poster for event


Occurs on Tuesday February 1 2022

Approximate running time: 1 hour and 30 minutes


Brockville Museum ZOOM Events
5 Henry St.
Brockville ON K6V 6M4

Event Notes


The Brockville Museum’s Annual Winter Lecture Series returns for a 19th season this February. Due to the ongoing COVID19 pandemic, the series will once again be held virtually, allowing ticket holders to join in on the conversations from anywhere in the world.

Lectures will take place on Tuesdays at 10am all month long. One ticket provides the ticket holder access to the entire series of four lectures, as well as to recordings of each lecture at the close of the series. Tickets are just $20 and are available exclusively through the Brockville Arts Centre Box Office (online or by phone). Proceeds from ticket sales support Museum programming and will help ensure the continuation of this popular event in future years.

February 1: Alexander Gates - 125 years of Fear and Fascination with the Automobile More than a century ago, fear and fascination gripped horse owners with the introduction of mass-produced automobiles, and today modern Canadians grapple over the idea of autonomous vehicles ruling the roads. Gates will explore our complicated history with the automobile and its technological evolution in Canada using examples from the Canadian Automotive Museum's collection.

February 8: Suzanne Evans - Discovering Ethel Mulvany and her Starving Prisoners of War Cookbook While working on a research fellowship at the Canadian War Museum in Ottawa Evans came across the name of Ethel Mulvany, a Canadian woman who had helped organize the creation of three Red Cross quilts while she was a prisoner of war in Singapore. The quilts, works of art as well as secret communication devises, were interesting, but when she discovered that Mulvany had written a Starving Prisoners of War Cookbook, she was hooked. This lecture will summarize Mulvany’s story and describe the trials and delights of tracking it down from London to Singapore and on to Manitoulin Island.

February 15: Joanna Dean - Transgenic Goats and Taxidermied Bison: the unnatural lives and afterlives of museum animals This talk will trace the checkered history of museum animals by telling stories about individual animals. First we will discuss the spider goats that were once held in Canada’s Agriculture and Food Museum, and ask why they ended up at the Pittsburgh’s Center for Postnatural History. Why did they make people so very uncomfortable? Then we will turn to the massive bison who fill the diorama at the Canadian Museum of Nature. Who shot them? Why? And why is this story not told to the visiting children at the Museum? What can we make of the wistful display of a taxidermied passenger pigeon in the same museum, or those lumbering dinosaurs? Finally we turn to Jumbo the elephant, who was famously killed by a train in St. Thomas, Ontario, and ask why pieces of Jumbo were sent across North America. What did scientists, athletes and elephant lovers see in these relics? We will dip into scholarship in the growing international field of animal studies and animal history to think about what these Canadian stories tell us about our relations with other animals, and, of course, ourselves.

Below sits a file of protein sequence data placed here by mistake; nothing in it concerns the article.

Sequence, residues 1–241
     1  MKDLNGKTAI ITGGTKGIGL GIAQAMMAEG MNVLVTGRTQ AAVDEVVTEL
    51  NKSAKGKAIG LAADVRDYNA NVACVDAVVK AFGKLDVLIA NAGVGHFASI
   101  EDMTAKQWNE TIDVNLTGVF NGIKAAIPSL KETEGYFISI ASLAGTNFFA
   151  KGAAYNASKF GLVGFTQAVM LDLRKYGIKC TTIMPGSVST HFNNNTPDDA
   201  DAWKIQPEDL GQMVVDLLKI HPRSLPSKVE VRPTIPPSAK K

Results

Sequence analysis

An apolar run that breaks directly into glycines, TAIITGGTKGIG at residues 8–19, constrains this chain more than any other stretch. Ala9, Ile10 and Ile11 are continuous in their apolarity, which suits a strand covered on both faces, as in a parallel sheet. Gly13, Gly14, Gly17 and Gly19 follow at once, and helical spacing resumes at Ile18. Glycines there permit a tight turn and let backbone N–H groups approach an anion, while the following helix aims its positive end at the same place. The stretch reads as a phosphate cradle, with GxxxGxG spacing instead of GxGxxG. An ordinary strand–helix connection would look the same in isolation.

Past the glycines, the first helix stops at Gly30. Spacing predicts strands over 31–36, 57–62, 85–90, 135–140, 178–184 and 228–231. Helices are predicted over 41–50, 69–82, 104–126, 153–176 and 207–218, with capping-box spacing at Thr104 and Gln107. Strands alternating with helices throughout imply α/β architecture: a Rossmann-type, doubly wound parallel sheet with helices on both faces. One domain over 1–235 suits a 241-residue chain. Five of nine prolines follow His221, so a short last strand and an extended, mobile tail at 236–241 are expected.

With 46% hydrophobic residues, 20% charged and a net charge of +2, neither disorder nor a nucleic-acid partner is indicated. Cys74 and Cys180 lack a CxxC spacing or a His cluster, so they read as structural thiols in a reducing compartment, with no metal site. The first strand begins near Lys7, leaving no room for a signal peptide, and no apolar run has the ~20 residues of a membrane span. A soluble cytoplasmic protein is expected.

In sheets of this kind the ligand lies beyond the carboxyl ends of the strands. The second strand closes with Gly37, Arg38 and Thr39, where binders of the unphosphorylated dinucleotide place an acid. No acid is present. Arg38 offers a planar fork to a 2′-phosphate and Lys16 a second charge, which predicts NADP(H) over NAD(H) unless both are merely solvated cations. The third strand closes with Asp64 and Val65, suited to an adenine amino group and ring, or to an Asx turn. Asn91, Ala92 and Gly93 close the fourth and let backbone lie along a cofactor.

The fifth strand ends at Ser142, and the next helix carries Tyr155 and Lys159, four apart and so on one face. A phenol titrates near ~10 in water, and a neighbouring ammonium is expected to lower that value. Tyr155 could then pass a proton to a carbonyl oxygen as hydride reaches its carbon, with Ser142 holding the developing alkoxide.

February 22: Dr. Eric Fillion - Art Matters in Canada-Brazil Relations (1940s-50s) It is a little-known fact that the first cultural agreement that Canada signed was with Brazil in 1944. The two countries’ rapprochement launched a flurry of activity that centred mostly around Montreal, connecting the city to Rio de Janeiro amid the turbulence of war and its aftermath. Why Brazil? And what could songs and paintings achieve that traditional diplomacy could not? This talk examines two neglected histories: that of Canada-Brazil relations and that of culture’s role in Canadians’ pursuit of an international identity. By tracing the origins of our country’s cultural diplomacy to South America, it calls attention to the ambiguous yet important roles that impromptu ambassadors (musicians, but also painters and writers) can play in the making of international and intercultural affairs.

Lectures are approx. 90 minutes in length and will include the opportunity to ask questions of the speakers. Lectures will take place using the Zoom – webinar platform. A Zoom account is not required.

Special Note: Ticket holders will be emailed a Zoom link on the Monday before each lecture (ticket sales close 24 hours in advance of each lecture). Please make sure you have provided a valid email at time of booking. If you have not received an email before 9am on the Tuesday of the lecture, please email the museum at Ticket holders will also be emailed YouTube links in March with exclusive access to recordings of all lectures.

Convenience fees charged at checkout go to the Brockville Arts Centre and help support ticketing services for community and not for profit events.

Buy To This Event Directions